Obama administration says it will end ‘fraudulent’ fake news stories

President Barack Obama on Thursday called on federal agencies to end “fraudious” fake news articles on their websites.

The White House said it was creating a task force to review “the practice of fake news” and take steps to stop them from continuing to exist.

Fake news is a growing problem across the political spectrum.

In the last year, fake news accounts have spread fear and anxiety through social media, as well as in news stories published by major newspapers and online publications, as the United States grapples with the Ebola pandemic and a new era of presidential control.

Obama has urged his administration to “get tough on fake news,” and he is expected to issue a broad executive order this week to impose a series of new restrictions on the online distribution of news.

He said the president would create a taskforce to review the “practice of fake to help us figure out ways to stop it from spreading” and ensure that “fake news doesn’t have the same impact on our democracy.”

The new policy will also require agencies to publish a daily report on the “distribution of misinformation and hoaxes.”

Fake news has long been a concern among journalists.

The practice is also common on the Internet, where it is easy to spread false information.

Last year, for instance, news sites published misleading stories about the election and other topics that could have been debunked.

At the time, the fake news sites were owned by a company that also owns the Daily Mail, the tabloid newspaper in Britain.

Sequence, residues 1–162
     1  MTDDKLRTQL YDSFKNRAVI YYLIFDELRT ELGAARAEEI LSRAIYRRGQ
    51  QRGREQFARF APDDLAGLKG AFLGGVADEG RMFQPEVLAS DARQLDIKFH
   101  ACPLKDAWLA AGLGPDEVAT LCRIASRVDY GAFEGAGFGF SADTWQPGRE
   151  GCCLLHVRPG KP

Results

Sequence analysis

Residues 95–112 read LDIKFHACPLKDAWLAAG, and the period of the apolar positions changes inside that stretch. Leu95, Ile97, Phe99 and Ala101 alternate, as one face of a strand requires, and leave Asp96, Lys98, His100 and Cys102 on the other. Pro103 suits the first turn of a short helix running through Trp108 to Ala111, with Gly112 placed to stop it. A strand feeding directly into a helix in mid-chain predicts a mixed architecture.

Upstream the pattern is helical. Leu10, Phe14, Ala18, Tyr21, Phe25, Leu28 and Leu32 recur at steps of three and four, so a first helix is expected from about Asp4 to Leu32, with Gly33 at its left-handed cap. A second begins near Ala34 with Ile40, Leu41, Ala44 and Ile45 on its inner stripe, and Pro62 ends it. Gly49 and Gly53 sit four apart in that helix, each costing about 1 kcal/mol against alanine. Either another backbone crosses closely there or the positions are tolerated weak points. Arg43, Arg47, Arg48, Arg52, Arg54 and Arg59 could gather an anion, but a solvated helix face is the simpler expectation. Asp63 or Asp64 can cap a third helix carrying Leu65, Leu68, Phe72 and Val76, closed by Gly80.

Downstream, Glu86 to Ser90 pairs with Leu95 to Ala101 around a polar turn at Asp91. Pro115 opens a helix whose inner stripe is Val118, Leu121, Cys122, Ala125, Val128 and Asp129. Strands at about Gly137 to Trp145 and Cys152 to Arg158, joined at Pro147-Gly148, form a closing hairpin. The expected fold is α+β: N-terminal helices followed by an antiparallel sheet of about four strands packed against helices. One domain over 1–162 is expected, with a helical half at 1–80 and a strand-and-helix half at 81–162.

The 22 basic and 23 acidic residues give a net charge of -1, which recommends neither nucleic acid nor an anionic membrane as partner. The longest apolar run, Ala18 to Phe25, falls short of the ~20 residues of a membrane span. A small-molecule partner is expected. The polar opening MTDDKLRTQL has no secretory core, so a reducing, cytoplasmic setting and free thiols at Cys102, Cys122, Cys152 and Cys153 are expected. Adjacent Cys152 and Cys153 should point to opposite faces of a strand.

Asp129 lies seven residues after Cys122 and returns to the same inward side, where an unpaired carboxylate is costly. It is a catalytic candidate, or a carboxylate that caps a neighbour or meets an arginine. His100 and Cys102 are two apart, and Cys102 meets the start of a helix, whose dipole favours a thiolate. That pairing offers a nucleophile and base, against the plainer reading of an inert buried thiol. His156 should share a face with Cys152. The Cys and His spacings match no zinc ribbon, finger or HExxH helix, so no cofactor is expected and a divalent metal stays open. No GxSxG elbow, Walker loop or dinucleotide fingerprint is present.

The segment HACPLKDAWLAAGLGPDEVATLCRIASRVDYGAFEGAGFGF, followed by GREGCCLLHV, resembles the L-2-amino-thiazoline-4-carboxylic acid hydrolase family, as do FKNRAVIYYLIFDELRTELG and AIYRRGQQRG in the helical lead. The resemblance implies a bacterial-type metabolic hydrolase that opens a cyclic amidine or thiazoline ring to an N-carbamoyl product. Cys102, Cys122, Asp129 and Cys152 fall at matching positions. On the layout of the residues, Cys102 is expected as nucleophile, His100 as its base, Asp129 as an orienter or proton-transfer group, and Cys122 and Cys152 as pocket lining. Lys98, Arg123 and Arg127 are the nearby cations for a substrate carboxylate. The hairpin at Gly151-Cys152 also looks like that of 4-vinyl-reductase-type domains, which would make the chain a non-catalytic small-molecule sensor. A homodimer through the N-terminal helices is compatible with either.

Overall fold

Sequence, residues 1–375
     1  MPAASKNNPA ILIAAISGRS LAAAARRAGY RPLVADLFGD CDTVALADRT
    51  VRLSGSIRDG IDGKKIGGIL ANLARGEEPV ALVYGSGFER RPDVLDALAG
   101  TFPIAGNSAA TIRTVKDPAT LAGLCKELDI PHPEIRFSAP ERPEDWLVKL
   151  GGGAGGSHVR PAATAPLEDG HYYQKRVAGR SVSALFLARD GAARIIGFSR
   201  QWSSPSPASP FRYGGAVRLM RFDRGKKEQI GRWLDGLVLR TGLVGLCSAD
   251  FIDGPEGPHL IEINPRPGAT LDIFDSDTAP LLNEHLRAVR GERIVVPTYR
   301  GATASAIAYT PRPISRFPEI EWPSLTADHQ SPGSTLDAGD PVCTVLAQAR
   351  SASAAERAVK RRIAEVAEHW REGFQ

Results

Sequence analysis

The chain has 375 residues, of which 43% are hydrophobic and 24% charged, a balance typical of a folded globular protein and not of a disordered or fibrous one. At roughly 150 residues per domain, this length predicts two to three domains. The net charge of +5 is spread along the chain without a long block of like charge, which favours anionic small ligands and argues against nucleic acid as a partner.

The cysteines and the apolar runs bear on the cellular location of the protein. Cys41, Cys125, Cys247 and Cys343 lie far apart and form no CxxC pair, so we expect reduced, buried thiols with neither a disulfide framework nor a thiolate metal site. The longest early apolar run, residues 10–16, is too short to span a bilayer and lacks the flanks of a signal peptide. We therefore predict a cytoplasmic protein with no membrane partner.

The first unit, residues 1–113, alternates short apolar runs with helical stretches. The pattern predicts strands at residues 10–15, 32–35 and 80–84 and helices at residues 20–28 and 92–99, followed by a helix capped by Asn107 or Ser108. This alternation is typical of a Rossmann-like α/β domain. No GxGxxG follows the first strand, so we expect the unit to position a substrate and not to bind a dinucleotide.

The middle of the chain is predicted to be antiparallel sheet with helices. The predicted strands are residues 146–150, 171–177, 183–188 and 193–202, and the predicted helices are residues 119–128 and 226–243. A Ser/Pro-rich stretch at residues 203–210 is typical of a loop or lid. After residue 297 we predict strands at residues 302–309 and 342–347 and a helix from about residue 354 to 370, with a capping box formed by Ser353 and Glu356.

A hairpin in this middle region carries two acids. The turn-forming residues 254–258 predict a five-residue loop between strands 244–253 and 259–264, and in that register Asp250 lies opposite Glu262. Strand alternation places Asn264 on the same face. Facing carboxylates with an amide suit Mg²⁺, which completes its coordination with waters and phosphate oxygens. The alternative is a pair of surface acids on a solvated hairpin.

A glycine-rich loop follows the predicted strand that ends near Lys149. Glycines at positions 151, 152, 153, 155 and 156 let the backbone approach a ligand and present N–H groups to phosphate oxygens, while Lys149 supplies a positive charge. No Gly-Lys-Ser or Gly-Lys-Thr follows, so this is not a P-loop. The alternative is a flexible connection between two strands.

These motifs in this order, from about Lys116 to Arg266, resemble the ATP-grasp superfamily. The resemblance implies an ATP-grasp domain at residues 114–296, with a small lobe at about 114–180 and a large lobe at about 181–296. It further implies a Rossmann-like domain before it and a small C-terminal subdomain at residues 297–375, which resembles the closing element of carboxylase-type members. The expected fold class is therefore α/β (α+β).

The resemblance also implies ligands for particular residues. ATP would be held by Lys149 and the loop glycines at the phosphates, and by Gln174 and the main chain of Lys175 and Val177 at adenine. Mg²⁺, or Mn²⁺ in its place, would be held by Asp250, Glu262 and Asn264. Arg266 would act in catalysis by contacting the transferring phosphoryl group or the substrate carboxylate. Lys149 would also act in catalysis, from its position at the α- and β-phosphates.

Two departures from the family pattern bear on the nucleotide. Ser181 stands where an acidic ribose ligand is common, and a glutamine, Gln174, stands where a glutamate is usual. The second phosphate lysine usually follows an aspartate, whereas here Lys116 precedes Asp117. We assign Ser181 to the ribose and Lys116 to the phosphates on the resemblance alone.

In a statement, the Trump administration said it would “work to eradicate these kinds of fraudulent and deceptive content, including on social media platforms and other news sources.”

The White Department said it has been working with media companies to “address this problem.”

“We are confident that this policy will not only help to protect our nation’s citizens and the integrity of our democracy, but also provide real solutions to this important issue,” the statement said.

“We recognize that the threat of fake and fraudulent content is real, and we will do everything we can to combat it.”

How to fact check a story

A common mistake readers make is to assume that fact checking sites are unbiased.

While fact checking is a vital part of the process, it’s a task that can be daunting, and the best way to get the best results is to find a trustworthy source of fact checking.

Here are five easy steps to make sure you’re fact checking your news article or news article with the right information:Read the article.

Fact checking can be difficult, especially for an unknown source like a news article, so you may need to go back and check the article to ensure the information in the headline was correct.

If the headline is confusing, read the article and make sure the source of the article is accurate.

Find the facts.

You don’t need to fact-check every single fact you see in a news story.

However, if you find a significant discrepancy between the headline and the facts, read and make notes of that.

You’ll find some helpful links in the article for you to check for facts.

If you’re unsure about what to fact verify, look for a link that says “fact check” and check for the facts yourself.

Fact checking sites aren’t necessarily biased, and fact checking can still be a good idea if you’re getting a mixed bag of facts in the news article.


if you’ve got a mixed message about something, read what you’ve read and see if it gives you an idea what to believe.

It’s also a good time to make note of where you are and where you’ve heard the story.

The next time you read a news item, check that it’s correct and don’t believe everything you read.